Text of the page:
Use this URL to cite or link to this record in EThOS: http://ethos.bl.uk/OrderDetails.do?uin=uk.bl.ethos.499428
Title: Analysis of genetic mutations using a recombinant model of the mammalian pyruvate dehydrogenase complex
Author: Singh, Geetanjali
Awarding Body: University of Glasgow
Current Institution: University of Glasgow
Date of Award: 2008
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Abstract:
This phenylalanine located near to the catalytic site of E2 has been found to be responsible for substrate specificity and its substitution could be directly responsible for decreased enzymatic activity in this case. No major structural changes were observed in this mutant core. In summary, our recombinant PDC model has proved to be of considerable benefit in enabling us to gain a more informed insight into the molecular mechanisms of pathogenesis underlying these rare E2-linked mutations, particularly in the case of the E35-E2 mutant. In the absence of the recombinant model, such detailed investigations would have proved impossible owing to the lack of access to human tissue from individual patients. As a corollary to the main aim of the thesis, a preliminary attempt was made to create an equivalent recombinant OGDC model. OGDC is also a mitochondrial assembly that is involved in the TCA cycle and is increasingly implicated in the aetiology of various neurodegenerative diseases linked to oxidative stress including Alzheimer’s and Parkinson’s disease. The basic organisation of the OGDC is directed by the self-assembly of 24 copies of dihydrolipoyl succinyltransferase (E2o) to form a cubic core, to which multiple copies of 2-oxoglutarate dehydrogenase (E1o) and dihydrolipoamide dehydrogenase (E3) bind non-covalently. The mammalian E2o is unusual in lacking any obvious E3 or E1o binding domain. In this study, E2o and E3 were successfully overexpressed and purified. Initially it was confirmed that E2o and E3 do not interact with each other on gel filtration although stable association of all 3 constituent enzymes occurs in the native complex. Full-length E1o was also cloned successfully although it proved impossible to achieve detectable expression in our E. coli BL21 host system. Previous studies employing subunit-specific proteolysis have identified the extreme N-terminal segment of E1o as a key region involved in the maintenance of complex stability and integrity and is required for E2 and E3 binding. To investigate this region in more detail, three N-terminal E1o fragments of decreasing size were overexpressed, one in His-tag form (193 amino acids) and two as E1o-GST fusion proteins (166 and 83 amino acids). In co-expression, purification and gel filtration studies, it was found that all these N-terminal truncates of E1o appeared capable of interacting with E2o although problems were encountered with rapid degradation and unambiguous identification in some cases. However, Western blotting revealed conclusively that even the shortest N-terminal E1o fragment (83 amino acids) was able to enter into a stable association with E2o. Owing to time constraints and difficulties with rapid degradation and/or solubility of the E1o truncates, it remains to be determined whether this N-terminal region of E1o can also interact with E2o in a post-translational fashion and whether it is directly involved in mediating E3 binding. However, this type of approach should continue to provide additional insights in the unique subunit organisation of OGDC and is an important step towards creating a recombinant model of OGDC. This will be invaluable for future studies on an important metabolic assembly that has been increasingly implicated in disorders linked to oxidative stress and neurodegeneration.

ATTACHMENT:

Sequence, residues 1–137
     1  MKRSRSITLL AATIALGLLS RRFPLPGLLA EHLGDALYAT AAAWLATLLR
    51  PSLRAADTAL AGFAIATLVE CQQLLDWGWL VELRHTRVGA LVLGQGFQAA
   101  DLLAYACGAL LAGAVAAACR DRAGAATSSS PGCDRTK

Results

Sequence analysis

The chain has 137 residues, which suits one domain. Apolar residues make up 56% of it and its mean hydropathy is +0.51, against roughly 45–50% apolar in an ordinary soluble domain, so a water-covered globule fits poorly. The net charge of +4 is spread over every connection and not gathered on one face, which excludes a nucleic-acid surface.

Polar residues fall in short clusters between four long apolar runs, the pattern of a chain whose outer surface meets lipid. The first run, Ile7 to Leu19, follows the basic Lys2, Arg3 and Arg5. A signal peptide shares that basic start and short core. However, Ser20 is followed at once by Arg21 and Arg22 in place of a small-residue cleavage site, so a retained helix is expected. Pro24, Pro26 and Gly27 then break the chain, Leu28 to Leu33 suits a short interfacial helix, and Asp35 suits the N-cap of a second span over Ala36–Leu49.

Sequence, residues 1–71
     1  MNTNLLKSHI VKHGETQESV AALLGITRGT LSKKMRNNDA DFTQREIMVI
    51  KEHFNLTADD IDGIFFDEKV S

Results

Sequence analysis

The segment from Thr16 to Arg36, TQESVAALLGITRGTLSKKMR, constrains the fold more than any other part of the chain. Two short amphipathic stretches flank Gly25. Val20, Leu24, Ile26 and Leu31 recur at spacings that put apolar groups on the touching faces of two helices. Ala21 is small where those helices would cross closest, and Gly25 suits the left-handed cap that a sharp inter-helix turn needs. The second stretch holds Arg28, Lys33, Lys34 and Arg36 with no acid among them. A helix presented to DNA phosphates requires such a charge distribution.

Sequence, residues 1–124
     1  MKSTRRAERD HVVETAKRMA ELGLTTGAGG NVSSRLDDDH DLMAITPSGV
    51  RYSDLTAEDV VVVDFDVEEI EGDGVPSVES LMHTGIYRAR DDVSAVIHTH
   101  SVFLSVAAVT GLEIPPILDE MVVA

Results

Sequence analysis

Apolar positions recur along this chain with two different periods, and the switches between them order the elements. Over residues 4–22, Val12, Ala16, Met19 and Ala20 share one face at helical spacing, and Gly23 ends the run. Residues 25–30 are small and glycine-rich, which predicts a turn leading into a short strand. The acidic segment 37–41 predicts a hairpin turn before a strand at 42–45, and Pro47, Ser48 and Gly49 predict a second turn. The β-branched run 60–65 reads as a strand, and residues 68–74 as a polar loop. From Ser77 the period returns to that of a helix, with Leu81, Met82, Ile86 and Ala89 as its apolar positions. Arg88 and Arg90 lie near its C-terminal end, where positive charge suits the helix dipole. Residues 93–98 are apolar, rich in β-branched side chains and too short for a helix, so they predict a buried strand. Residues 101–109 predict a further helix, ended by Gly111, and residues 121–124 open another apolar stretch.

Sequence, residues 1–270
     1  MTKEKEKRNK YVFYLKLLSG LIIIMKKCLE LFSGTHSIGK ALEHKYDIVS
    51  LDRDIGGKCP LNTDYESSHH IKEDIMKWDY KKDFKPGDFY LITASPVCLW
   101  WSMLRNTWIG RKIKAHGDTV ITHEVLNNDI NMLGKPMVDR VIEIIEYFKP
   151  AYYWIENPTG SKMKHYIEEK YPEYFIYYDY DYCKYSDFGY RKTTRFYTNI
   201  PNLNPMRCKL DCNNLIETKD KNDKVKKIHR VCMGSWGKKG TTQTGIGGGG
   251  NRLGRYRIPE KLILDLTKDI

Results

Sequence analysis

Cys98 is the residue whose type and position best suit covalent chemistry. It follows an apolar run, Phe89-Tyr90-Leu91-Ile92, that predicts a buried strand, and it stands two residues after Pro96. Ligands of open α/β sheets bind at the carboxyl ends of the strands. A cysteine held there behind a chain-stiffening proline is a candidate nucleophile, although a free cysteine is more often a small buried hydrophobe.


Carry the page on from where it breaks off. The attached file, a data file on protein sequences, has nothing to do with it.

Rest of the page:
Supervisor: Not available Sponsor: Not available
Qualification Name: Thesis (Ph.D.) Qualification Level: Doctoral
EThOS ID: uk.bl.ethos.499428  DOI: Not available
Keywords: QR Microbiology
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